Iraqi Marshes Update - May 30th, 2011

Here is a classification map of what the Marshes look like as of May 30th, 2011. Looks like water levels are fairly stable. The extent has not changed too much in the past year with some advances in South Hawizeh Marsh and South West Hammar Marsh.


Shatt al-Arab - Iraq.

Basrah and the Shatt al-Arab River in Iraq are threatened by decreasing flows in the Tigris Euphrates Rivers, pollution, and increasingly climate change. The salt wedge from the Gulf is reaching the city of Basrah which has serious consequences for water quality and environmental stability for the people and environment of the region. Solutions to this problem are few. Increased flows from the Tigris and Euphrates Rivers would flush out the salt wedge, but future projections of discharge rates show decreases in water. Other solutions being explored are the construction of hydrologic structures, but this is expensive and complex due to marine traffic, flat topography, and geopolitical issues with Iran.


April 7th, 2011. MODIS Southern Iraqi Marshes


April 7th, 2011. Southern Iraq Land Cover MaP


Iraqi Marsh Update - January 13, 2011

This MODIS satellite photo of Southern Iraq (Maysan, Thi Qar, and Al Basrah) was taken on January 13, 2011. The area of Marshes has been fairly stable (between 2,700 - 3,000 square kilometers) in the last four months. Area A on the map has been an region of interest for the Iraqi Ministry of Water Resourses (MOWR). A water channel has been constructed from the Main Outfall Drain (MOD) to divert water to the West Hammar Marshes. This project has been successful although the water quality from the MOD is questionable. Area B on the map is the North Hawizeh Marshes and is of great concern. The Hawizeh Marshes are the largest intact Marsh region in Iraq and satellite data shows it under stress from lower water levels. The Karkheh River in Iran has been shifted to no longer discharge into the Hawizeh Marsh.  This was done by the construction of a 65 km long dyke in 2009. This issue must be resolved if this RAMSAR protected Marsh is to survive.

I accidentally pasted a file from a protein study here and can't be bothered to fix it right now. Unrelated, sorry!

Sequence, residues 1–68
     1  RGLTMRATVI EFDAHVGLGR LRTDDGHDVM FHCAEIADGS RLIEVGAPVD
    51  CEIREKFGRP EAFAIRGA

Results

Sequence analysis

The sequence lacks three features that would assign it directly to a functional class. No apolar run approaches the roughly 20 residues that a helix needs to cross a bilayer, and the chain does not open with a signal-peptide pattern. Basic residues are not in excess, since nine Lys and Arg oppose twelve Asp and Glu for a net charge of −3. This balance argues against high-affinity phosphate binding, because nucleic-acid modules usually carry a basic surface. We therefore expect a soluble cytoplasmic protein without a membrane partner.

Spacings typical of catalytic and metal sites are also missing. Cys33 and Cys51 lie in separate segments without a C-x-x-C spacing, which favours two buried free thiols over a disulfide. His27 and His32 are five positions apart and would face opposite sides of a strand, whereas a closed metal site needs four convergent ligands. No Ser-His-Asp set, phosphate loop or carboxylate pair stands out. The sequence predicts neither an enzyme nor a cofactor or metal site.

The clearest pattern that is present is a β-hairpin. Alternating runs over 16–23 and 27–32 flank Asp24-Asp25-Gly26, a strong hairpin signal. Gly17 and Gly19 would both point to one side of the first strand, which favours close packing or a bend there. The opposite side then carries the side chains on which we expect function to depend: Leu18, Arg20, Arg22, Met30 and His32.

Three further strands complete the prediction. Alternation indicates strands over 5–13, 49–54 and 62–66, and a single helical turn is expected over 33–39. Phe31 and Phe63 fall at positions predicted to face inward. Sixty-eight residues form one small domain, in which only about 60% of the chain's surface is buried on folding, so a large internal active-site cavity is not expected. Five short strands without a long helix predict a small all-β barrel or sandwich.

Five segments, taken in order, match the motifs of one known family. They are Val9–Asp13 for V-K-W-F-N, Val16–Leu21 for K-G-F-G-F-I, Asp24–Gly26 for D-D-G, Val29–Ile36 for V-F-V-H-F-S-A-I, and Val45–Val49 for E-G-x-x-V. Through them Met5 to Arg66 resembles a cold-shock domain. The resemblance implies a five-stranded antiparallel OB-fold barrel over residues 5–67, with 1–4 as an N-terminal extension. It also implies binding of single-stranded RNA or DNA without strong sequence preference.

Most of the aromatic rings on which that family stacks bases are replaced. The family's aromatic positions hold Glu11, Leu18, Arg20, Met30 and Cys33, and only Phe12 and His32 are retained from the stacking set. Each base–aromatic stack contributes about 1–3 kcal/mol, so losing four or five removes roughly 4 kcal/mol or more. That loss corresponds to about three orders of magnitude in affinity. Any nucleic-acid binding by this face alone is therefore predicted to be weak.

Iraq - Chibayish Marsh - December 2010

The Chibayish Marsh is on the upper side of this photograph (North of the Euphrates River) and is located in Thi Qar governorate, Iraq.

I am surprised how well the Chibayish Marsh looks. Just a year ago much of this area was dry. I am still unsure of this areas future because of future water shortages and how restricted the water sources are for this area.

The Hammar Marsh is large area in Thi Qar and Basrah governorates and part of it is shown on the lower part of this picture (South of the Euphrates River).

The Hammar Marsh has a lot of issues. This section of the central / Eastern Hammar Marsh has poor water quality, low population, and extremes of drought and flooding (currently flooding). Some serious planning is required to correct this area.


I am interested in Geographic Information Systems (GIS), landscape research, and biodiversity. In the past I have done work in the Middle East with the Canada Iraq Marshland Initiative and I want to continue environmental mapping.  I have found that maps provide powerful visual aids and can be applied to a variety of topics to get a point across without even saying a word. So I am going to let the maps speak for themselves and I hope you enjoy them. 

If there is a map you feel needs to be made please contact me and I will see what I can do. My current projects include: Iraqi Marshes, Canadian oil sands, and homelessness in Victoria B.C.  I am always limited by data so if you have interesting information to share I would love to make a map for you. 

My goal is to have my maps make an impact in decision making and gain public support to make a difference.


Iraqi Marshes Update

Latest view of the Marshes: October 8th, 2010

The Marshes are showing some recovery from the droughts of the past two years.